While Rio’s laid-back beach culture means that you’ll find more snack bars than Michelin-starred restaurants, a spate of openings specialising in innovative contemporary Brazilian food has added a new level of sophistication to the market: don’t miss the tasting menu at Lasai, or lunch on the al fresco terrace at Pedro Siqueira’s Puro. For fine dining, Brazil’s big name chefs Roberta Sudbrack and Claude Troisgros still hold sway, but for a special occasion, book into atmospheric Aprazivel, where Brazilian classics and 5* caipirinhas are served in a stunning tiered garden. Buzzing Dias Ferreira is Rio’s destination dining street and great for people watching, hosting sophisticated snack bars like Riba and Boteco Belmonte, design-store-turned-restaurant Poeira da Lata, French-fusion bistro Brigite’s and the chic Japanese spot Sushi Leblon. For local favourites, head for cocktails and fusion flavours at Zazá Bistrô or succulent picanha steak at Braseiro, where great value and a fun family vibe means queues regularly snake out the door. While beer bars abound (Jobi, Astor and Bar Urca are among the best), cocktail bars like Bar d’Hôtel, Canastra and Subastor are popping up, and there’s a new health conscious kick taking hold, inspired by the city’s first raw restaurant Ró, vegan restaurant Teva and healthy café Kraft. For a quintessential Brazilian dining experience, tick off the feijoada (black bean and pork stew) at Bar do Mineiro, a churrasco (all you can eat meat feast) at Fogo do Chão and grilled fish at gourmet beach kiosk Atlántico Rio.


Shopping in Rio

One of the best things to buy in Rio is beachwear, so don’t miss picking up a Brazilian-style bikini or sunga (those tiny trunks beloved by Brazilian men) at VIX, Blueman or Lenny. While Brazil’s big name brands, including aspirational beachwear designer Osklen, can be found in the shopping malls (Rio Design and Fashion Mall are the best), many leading independent designers skip the high rents of the high street to showcase in ateliers in Jardim Botanico. For the best of Brazilian fashion and design, check out chic boutique Dona Coisa, concept store Os/On, creative hub Casa VV, design emporium Gabinete and the furniture atelier of Fernando Jaeger, all set along and around Lopes Quintas street.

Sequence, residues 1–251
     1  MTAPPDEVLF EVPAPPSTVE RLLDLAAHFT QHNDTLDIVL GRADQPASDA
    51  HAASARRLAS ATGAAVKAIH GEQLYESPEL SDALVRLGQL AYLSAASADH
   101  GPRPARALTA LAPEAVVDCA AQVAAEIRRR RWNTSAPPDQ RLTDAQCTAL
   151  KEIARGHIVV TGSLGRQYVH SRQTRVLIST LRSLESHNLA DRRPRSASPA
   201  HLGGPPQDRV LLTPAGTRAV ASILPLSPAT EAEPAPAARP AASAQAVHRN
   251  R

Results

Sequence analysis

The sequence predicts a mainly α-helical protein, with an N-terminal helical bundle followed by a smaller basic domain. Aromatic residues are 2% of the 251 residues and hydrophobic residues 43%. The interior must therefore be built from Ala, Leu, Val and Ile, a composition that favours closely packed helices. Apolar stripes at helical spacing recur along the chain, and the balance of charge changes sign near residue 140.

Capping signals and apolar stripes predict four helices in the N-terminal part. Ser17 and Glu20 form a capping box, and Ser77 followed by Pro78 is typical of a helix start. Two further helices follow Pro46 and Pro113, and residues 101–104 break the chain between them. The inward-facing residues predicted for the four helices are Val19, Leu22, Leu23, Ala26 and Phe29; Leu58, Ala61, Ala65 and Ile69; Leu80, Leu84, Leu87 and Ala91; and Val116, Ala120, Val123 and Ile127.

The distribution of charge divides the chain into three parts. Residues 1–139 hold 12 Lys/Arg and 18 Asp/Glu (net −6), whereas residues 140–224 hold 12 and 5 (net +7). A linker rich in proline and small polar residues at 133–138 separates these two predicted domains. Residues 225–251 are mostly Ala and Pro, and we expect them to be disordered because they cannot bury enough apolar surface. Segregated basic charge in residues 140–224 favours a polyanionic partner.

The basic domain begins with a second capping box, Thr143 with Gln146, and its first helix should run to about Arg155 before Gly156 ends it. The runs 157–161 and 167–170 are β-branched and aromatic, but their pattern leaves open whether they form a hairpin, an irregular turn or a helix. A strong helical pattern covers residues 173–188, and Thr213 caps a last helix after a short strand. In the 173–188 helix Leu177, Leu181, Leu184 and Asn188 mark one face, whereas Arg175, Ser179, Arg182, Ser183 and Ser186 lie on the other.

Unique to Rio

Unique to Rio in Rio

While Rio’s reputation as a fun-loving, hedonistic beach city rings true, this is balanced by an incredible connection to nature that few global cities can compete with. For a gentle approach to Rio’s sporty side, wake early to stroll the deserted sands of Ipanema, hire a bike to ride around the lake, take a paddle-board out from Copacabana beach, or walk one of the many jungle trails in the Tijuca National Park. Adrenaline seekers should check out mountain biking up Vista Chinesa, climbing Pedra da Gávea, kite-surfing on Barra Beach and hand-gliding over São Conrado. For a special experience, locals love to hike up the jungle trail that starts at the top of Vidigal favela and weaves for an hour up the back of Dois Irmãos Mountains to watch dawn break over the city.

Day trip

Day trip in Rio

From surf-spot Prainha to the sweeping golden sands of Grumari, Rio’s best beaches lie a little under an hour’s drive to the West of the city. Make a day of it and visit the former private-home-turned-cultural-centre of landscape artist Roberto Burle Marx, eat a moqueca at restaurant Bira da Guaratiba, paddle-board through the nature reserve of Mangatiba before watching the sunset from Point de Grumari. Alternatively, head up into the Serra mountains that surround the colonial town of Petropolis, where the city’s smart set have summer houses to escape the heat and you’ll find wooden chalets, organic farms, colonial palaces, artisanal breweries and great nature walks.